10 things you need to know today: June 7, 2021
Harris travels to Guatemala and Mexico to discuss migration, Manchin says he'll vote against Democrats' voting rights bill, and more
Harris to discuss migration on trip to Guatemala, Mexico
Vice President Kamala Harris is visiting Guatemala and Mexico to discuss ways to address corruption, and root causes of the wave of migrants trying to reach the United States from Central America and Mexico. Harris, making her first trip abroad since taking office, will discuss expanding immigration enforcement cooperation in a meeting with Mexican President Andrés Manuel López Obrador. The trip got off to a difficult start on Sunday when Harris' plane had what officials described as "a technical issue" and had to turn around 30 minutes into her flight to Guatemala. "I'm good. I'm good," Harris said after she returned to Joint Base Maryland in Maryland to switch planes. Reporters who were on Air Force Two said they heard unusual noises from the landing gear during the flight.
Manchin to vote against Democrats' voting rights bill
Sen. Joe Manchin (D-W.Va.), a key centrist swing vote, wrote in the Charleston, W.Va., Gazette-Mail on Sunday that he would not vote for an election reform law Democrats are pushing to counter voting restrictions passed in several Republican-controlled states. Without Manchin's vote in an evenly split, 50-50 Senate, the bill appears sure to fail. Democrats and the White House have said the reform is necessary to preserve access to the ballot, particularly for voters of color who could be most affected by new state restrictions. Manchin said the bill in Congress is partisan, and would "risk further dividing and destroying the republic we swore to protect and defend as elected officials." Rep. Mondaire Jones (D-N.Y.), a progressive Democrat, accused Manchin of voting "to preserve Jim Crow."
Granholm says GOP position on infrastructure 'perplexing'
Energy Secretary Jennifer Granholm harshly criticized Republicans on Sunday for their position on infrastructure spending, which she called "perplexing." President Biden last week pressed the lead GOP negotiator, Sen. Shelley Moore Capito (R-W.Va.) to back an infrastructure plan with $1 trillion in new spending, reflected in his recently trimmed proposal for a total of $1.7 trillion. Republicans responded by adding $50 billion to the $257 billion in new spending in their counteroffer. Granholm warned that "there will be action" on infrastructure, with or without Republican support. "This has got to be done soon," Granholm said on CNN's State of the Union. "It's just curious why there isn't more coming together."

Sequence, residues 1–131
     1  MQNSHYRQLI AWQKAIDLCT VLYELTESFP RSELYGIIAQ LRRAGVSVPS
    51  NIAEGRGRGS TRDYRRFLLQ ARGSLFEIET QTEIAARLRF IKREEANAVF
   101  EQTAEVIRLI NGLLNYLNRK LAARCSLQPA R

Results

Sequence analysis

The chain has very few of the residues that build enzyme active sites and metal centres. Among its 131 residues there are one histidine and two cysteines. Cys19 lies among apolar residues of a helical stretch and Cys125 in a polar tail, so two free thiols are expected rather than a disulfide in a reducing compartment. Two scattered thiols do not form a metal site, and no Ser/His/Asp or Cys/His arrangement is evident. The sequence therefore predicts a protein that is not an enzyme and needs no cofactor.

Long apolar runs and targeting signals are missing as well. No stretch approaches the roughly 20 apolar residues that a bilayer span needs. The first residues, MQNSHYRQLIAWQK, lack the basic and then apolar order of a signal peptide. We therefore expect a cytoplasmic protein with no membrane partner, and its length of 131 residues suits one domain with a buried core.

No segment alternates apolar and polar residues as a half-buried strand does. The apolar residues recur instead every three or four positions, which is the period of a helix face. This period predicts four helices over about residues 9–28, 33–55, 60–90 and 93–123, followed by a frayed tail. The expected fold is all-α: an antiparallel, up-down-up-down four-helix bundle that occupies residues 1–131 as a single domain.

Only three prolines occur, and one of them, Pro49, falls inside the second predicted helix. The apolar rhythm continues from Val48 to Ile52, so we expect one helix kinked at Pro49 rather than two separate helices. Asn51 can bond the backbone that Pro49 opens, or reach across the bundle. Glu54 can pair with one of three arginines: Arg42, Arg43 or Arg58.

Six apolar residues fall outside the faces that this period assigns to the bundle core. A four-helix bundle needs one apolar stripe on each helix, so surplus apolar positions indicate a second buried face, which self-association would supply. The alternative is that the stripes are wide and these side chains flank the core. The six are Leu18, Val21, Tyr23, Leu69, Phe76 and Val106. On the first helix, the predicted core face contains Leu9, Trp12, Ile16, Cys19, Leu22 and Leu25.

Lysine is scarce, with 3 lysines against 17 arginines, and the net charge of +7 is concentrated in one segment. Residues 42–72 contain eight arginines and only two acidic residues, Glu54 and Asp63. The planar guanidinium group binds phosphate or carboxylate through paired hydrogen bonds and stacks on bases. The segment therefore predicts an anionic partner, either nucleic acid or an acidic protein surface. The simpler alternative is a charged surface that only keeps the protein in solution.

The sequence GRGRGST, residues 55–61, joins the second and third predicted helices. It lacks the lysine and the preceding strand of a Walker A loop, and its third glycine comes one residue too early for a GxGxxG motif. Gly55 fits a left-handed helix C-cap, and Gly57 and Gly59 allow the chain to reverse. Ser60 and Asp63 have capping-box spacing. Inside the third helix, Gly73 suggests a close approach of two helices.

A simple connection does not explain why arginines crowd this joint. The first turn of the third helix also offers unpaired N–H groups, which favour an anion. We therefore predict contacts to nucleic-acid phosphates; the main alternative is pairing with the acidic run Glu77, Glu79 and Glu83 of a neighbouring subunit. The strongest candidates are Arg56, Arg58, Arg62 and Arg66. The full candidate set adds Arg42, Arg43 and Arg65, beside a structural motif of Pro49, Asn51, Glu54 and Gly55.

Mexico's president faces setback in midterm elections
Millions of Mexicans voted Sunday in midterm elections after a campaign that was marred by attacks, kidnappings, and murders targeting candidates, campaign aides, and election officials. Some observers estimated the number of people killed during the campaign at about 90, while others estimate that the election-related death toll is more like 150. Initial results indicated that Mexico's ruling political coalition appeared to have lost its qualified majority in the lower house of Congress. That would prevent President Andrés Manuel López Obrador, who is halfway through his six-year term, from major constitutional reforms he has been pushing without cooperation from opposition parties, although his coalition is projected to hold onto a simple majority.
Supreme Court asked to review male-only draft registration
The Supreme Court is expected to decide as early as Monday whether to review a case challenging the government's male-only military draft registration requirement as unconstitutional. The federal government currently calls for all young men to register for the draft when they turn 18. Women don't have to register. The outcome is expected to have little practical impact, as the U.S. hasn't had a military draft since the Vietnam War. But Ria Tabacco Mar, the director of the American Civil Liberties Union's Women's Rights Project, is urging the justices to examine the matter because she says it sends "a tremendously harmful message that women are less fit" to serve in the military and men are less fit to "to stay home as caregivers."